General Statement:
My work moves between abstraction and representation. I've long believed that artistic freedom trumps signature style. But within the rubric of that freedom, I've sought to clarify ideas by working in loose-knit series bound by common variables.

Abstraction is my first love, and my years of working in that idiom has exerted its influence on my representational work. My painting process is open-ended; I can begin anywhere and end up anywhere, but there must be transformation. A painting can take 3 years to complete – or one day. The length of time is not important; it's the conjuring that matters.

What I'm trying to do in my studio is to surprise myself. If I can make myself smile, or, better yet, laugh, then I've probably made a decent painting. Ultimately, painting is about freedom and mystery.

Painter Man:
This series came about after a hiatus from making art and out of a need to tell a story and is the first time I used recognizable imagery in my work. This pseudo-autobiography based on a 1950's coloring book image gave me the opportunity to humorously explore issues of identity and class while coming to terms with my sense of my own anonimity within the art world.

Reductive Paintings:
This series evolved out of a group of abstract landscapes. I reduced the landscape referent to horizontal lines, the palette to white, black and, for the most part, ultramarine blue. And I reduced the painting "moves" to horizontal lines and vertical "wipe out" strokes. The idea was to keep the entire surface wet while trying to catch a moment where the rhythm of the strokes flow in a particular way while capturing a particular kind of light.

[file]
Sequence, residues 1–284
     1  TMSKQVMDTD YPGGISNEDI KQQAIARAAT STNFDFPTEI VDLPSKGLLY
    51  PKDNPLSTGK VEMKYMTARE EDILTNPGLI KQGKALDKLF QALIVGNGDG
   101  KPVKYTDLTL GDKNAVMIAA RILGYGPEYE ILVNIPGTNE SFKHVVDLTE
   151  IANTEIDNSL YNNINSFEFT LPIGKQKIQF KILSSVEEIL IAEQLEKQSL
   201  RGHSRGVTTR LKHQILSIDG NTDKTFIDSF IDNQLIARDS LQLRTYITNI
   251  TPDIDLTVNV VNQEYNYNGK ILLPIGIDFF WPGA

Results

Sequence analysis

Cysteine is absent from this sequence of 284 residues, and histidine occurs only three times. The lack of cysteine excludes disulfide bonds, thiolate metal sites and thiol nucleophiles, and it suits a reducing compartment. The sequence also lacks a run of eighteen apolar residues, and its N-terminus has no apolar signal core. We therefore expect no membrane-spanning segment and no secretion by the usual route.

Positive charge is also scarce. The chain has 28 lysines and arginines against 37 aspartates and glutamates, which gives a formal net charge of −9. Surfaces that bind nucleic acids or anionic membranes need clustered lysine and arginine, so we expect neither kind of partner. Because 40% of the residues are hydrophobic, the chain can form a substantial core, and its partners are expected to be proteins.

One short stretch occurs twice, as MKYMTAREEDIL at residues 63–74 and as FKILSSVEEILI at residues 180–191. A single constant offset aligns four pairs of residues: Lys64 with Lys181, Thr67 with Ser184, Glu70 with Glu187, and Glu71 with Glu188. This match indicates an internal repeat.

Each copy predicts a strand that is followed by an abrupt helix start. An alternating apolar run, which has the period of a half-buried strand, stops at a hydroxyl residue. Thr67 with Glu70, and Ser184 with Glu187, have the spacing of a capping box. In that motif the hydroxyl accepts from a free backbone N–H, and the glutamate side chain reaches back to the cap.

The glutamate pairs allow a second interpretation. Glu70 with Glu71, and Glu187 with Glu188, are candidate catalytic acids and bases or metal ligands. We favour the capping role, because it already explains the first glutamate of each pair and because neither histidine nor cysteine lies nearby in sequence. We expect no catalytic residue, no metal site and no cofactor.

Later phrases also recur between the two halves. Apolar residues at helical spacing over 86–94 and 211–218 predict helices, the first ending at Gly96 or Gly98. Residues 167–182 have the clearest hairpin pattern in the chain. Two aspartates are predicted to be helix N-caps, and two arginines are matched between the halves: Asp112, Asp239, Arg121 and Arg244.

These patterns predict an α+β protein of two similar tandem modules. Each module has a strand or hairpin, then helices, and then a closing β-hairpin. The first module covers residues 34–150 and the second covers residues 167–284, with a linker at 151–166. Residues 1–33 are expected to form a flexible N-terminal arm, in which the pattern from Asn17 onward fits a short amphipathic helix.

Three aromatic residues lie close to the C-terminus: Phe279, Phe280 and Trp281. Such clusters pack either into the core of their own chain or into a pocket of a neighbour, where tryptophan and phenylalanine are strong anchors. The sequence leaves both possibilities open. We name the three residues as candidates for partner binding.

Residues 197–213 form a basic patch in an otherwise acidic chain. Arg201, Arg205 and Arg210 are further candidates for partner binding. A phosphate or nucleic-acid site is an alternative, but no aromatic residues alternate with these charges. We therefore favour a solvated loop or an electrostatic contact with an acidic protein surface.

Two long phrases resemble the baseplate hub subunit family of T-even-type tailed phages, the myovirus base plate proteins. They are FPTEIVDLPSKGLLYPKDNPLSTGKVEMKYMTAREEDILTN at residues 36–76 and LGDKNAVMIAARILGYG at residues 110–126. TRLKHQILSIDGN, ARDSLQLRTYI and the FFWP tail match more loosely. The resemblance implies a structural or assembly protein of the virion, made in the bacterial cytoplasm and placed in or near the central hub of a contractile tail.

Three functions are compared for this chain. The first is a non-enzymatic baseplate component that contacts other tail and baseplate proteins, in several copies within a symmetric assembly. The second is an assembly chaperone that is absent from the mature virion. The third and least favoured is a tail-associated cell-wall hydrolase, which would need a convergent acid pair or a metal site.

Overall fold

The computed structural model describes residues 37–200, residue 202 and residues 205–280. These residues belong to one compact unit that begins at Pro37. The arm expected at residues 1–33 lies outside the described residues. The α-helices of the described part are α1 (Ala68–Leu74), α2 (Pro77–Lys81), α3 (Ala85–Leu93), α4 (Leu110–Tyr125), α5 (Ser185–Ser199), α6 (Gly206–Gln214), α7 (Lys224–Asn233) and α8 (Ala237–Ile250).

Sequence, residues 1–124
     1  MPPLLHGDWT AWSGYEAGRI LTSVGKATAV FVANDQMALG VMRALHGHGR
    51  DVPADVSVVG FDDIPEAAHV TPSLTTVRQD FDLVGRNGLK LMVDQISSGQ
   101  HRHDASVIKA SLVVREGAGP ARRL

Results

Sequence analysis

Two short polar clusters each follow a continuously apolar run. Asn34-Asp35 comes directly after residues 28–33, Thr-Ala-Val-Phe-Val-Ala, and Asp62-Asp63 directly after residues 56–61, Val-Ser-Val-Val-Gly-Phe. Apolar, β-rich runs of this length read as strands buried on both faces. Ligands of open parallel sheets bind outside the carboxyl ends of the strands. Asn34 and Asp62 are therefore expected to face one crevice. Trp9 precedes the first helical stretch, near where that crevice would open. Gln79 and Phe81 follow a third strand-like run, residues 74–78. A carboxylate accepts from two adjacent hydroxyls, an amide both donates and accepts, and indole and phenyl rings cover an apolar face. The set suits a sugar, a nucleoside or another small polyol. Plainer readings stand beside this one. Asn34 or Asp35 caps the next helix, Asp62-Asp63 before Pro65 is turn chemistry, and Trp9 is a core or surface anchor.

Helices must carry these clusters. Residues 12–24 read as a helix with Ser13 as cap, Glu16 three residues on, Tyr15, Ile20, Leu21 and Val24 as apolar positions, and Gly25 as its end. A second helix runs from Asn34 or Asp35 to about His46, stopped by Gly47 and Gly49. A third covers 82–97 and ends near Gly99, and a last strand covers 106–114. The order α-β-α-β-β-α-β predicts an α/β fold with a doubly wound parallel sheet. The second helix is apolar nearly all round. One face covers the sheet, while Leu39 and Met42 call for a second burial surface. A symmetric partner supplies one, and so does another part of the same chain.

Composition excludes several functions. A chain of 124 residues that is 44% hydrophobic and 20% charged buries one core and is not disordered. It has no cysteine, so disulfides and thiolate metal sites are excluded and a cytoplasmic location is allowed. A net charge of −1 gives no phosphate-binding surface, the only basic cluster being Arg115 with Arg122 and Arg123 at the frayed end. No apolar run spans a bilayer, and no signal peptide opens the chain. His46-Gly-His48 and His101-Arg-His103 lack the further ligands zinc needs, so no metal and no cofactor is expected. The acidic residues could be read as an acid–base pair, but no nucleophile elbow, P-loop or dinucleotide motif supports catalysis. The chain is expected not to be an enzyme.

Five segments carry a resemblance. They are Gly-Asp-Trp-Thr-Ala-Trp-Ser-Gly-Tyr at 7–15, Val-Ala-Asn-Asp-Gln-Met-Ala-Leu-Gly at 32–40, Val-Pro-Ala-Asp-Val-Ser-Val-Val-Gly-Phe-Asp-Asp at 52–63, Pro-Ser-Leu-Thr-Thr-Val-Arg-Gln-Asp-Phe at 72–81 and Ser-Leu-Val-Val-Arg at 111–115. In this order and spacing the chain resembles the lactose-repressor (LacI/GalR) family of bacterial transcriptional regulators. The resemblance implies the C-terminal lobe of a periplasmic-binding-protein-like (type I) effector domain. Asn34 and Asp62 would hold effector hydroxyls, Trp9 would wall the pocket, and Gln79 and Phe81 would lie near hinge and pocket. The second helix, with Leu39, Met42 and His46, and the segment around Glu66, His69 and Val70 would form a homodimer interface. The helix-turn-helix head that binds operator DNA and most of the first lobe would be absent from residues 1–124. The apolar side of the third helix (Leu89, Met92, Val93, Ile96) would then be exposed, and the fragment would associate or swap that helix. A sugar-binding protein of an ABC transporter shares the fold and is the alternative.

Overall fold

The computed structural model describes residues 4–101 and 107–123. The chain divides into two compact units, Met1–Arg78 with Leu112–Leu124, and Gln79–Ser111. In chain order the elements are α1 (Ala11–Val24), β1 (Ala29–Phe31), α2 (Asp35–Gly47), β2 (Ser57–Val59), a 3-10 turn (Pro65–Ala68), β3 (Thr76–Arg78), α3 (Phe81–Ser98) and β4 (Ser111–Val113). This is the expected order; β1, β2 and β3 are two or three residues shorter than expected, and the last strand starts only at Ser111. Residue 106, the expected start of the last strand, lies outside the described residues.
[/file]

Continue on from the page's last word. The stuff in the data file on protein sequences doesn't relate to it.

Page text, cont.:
Rectilinear Figures:
With these paintings, I'm focusing on integrating an idea of the figure within an abstract vocabulary. They represent the furtherest extension of my constructed painting idea and I enjoyed projecting various personae unto these forms.

Constructed Paintings:
I think of this series as my first mature body of work. It grew out of earlier attempts to find form and meaning through an open-ended process of painting in and painting out until arriving at a final image. These works have the added complication of using shaped canvases, with smaller canvases attached to the surface. This posed interesting formal problems, such as the conflict between the physical object and rendered space. As in much of my work, the content, often of a personal nature, comes to the fore within the process of formal resolution.